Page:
An absolute highlight of our trip to the mountains of North Vietnam last January was a visit to a small school in the village of Sin Chai. Sounds so simple, but it was really a special experience.
We found our way there because our guide, Hoang Ha Van, very quickly understood that the plan the travel agent had set out for us wouldn’t work. Weather, terrain and physical abilities made hiking for three to four hours in the muddy rainy mess of Vietnam winter and having a picnic by a river wasn’t feasible.
I explained to Hoang that we were most interested in as authentic an experience as possible without being intrusive. He suggested that we take some small treats to a school to share with the children. “Would we like to do that?”
Sounded like a good idea so we provided him with some money to get the treats at the market before he picked us up the next morning for the two hour drive to the other side of a mountain to visit the village. I, of course, thought he’d bring candy bars and maybe some plastic toys. Hah! Was I wrong!
He showed up with a bag of small apples and a bunch of lengths of rope, explaining that the children in the village we’d be visiting only eat what their families grow. Fruit is a special and rare treat.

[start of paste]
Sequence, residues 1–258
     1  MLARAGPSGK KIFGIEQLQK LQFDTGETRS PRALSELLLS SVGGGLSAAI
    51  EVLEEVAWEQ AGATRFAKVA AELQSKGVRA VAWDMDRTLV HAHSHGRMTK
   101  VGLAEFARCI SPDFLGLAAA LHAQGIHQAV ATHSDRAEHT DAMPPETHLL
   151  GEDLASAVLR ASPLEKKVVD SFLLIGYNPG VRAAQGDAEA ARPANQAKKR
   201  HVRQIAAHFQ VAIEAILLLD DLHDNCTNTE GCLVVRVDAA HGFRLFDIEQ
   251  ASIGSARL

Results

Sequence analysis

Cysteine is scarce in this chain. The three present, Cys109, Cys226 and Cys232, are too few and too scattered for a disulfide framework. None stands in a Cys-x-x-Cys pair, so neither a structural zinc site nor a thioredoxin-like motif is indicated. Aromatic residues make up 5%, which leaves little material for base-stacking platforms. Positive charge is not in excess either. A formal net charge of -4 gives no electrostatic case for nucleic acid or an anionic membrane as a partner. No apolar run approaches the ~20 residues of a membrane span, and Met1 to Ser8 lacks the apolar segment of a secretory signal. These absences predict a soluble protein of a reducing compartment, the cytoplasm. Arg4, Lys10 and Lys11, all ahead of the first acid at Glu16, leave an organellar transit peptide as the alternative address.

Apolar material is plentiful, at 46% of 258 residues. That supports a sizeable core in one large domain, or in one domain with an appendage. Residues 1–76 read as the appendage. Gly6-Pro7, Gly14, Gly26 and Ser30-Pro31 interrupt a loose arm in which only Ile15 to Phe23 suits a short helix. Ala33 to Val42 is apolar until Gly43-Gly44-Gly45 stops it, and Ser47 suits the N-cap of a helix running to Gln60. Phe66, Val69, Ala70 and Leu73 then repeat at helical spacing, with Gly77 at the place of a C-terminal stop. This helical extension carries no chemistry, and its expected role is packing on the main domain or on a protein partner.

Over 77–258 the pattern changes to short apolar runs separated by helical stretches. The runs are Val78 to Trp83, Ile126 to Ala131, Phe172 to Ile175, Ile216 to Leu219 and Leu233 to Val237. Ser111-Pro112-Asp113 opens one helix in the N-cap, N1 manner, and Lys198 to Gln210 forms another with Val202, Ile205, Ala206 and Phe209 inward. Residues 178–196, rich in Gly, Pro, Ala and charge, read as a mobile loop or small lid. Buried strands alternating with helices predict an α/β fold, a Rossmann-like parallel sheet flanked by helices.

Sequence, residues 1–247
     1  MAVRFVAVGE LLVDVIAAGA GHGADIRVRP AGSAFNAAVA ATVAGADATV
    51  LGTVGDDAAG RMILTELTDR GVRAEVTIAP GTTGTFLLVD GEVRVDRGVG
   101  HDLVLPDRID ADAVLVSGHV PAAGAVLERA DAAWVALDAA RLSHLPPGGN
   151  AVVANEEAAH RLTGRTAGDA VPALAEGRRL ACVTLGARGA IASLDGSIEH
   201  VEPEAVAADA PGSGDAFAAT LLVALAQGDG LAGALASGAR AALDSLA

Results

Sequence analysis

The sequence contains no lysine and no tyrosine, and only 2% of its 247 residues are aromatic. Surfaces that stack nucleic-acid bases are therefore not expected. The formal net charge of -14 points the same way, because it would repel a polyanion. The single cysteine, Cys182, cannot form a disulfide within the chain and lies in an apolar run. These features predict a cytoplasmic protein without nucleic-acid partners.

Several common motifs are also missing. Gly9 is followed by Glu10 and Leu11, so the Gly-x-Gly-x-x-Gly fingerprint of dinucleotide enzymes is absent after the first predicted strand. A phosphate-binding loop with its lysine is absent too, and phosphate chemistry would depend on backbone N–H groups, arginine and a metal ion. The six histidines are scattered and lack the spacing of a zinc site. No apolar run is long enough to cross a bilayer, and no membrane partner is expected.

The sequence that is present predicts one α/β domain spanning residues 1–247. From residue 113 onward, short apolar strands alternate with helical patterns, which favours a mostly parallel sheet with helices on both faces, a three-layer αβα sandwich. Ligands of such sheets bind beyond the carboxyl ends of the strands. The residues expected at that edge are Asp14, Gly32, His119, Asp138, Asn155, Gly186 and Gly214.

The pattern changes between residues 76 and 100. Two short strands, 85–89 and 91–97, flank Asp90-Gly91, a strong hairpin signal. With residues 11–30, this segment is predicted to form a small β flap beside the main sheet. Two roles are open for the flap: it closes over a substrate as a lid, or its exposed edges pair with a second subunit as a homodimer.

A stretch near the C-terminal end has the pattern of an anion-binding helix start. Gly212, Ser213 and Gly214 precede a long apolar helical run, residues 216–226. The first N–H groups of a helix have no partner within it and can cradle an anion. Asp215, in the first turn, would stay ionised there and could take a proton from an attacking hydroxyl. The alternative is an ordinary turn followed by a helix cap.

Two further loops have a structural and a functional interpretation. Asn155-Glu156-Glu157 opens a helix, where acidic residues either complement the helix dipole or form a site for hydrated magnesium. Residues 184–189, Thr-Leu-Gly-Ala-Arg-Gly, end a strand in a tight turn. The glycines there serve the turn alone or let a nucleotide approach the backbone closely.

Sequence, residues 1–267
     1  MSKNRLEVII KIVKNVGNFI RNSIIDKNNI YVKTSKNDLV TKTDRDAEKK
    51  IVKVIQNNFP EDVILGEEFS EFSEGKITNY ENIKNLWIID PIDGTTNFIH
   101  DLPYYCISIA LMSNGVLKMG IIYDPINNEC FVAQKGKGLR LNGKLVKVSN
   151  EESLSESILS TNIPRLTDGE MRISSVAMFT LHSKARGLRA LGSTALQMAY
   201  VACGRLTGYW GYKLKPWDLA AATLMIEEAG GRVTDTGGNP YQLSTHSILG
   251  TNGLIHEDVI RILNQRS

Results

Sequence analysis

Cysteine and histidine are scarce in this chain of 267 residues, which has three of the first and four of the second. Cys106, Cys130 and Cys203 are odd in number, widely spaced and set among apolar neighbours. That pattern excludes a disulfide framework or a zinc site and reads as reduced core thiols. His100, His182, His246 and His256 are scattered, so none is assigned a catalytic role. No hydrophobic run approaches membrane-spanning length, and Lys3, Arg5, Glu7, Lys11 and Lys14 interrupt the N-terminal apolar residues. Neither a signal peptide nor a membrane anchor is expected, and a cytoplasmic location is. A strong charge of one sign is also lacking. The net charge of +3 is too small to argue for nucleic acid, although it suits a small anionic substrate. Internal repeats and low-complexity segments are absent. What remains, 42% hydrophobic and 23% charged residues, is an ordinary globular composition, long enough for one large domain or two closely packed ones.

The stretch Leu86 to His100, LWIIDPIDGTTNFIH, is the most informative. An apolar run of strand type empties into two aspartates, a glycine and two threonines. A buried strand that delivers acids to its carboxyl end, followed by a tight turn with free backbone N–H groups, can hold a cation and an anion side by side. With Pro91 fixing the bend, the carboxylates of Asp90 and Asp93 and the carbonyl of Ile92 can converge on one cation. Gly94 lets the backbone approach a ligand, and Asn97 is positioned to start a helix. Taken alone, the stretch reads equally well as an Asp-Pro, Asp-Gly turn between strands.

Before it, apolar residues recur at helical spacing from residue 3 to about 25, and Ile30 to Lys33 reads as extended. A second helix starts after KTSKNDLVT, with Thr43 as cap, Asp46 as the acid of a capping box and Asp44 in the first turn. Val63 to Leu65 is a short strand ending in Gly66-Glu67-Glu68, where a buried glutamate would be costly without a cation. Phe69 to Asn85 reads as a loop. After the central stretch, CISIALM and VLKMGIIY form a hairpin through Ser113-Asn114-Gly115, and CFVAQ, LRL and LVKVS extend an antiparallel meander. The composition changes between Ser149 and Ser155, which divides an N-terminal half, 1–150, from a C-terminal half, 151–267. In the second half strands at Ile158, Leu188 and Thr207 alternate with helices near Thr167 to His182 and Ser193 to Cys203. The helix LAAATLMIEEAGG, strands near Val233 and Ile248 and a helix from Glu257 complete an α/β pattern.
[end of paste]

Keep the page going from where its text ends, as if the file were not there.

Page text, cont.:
When we got to the small school in the mountains, he explained to the teacher and quickly the room was rearranged and the small fire set in the middle on the floor (it was very cold) swept aside. More children crowded in and soon the children gathered around Hoang to watch the jump roping demo and start jumping themselves.
Oh, I’ll always remember seeing the excitement, the laughter, the pure joy, the intense curiosity. After enthusiastically jumping rope and learning some chasing -each-other-around type games, the children were instructed to line up so that we could hand out two apples apiece. Oh, were they happy. I wish I could go back with more apples tomorrow. I loved sharing the simple small treat.
Hoang told us that we were very “strange creatures” to them…..they rarely see foreigners or fangky as we are called in their language. I’m sure we were the topic of the conversations around the fires in their simple homes that night.
I am still sorting out my mixed bag of emotions ranging from the pure pleasure of watching the children have so much fun to the deep tugging at my heart that their lives are so limited. While lacking in so much,these children found pleasure in the moment and simple gifts. I was the fortunate one to share and to learn from them.
If you are interested in helping the people in the villages in this area check out the Sapa O’Chau organization. You can improve the quality of life and educational opportunities of these children from your home or maybe even on a visit to this part of the world.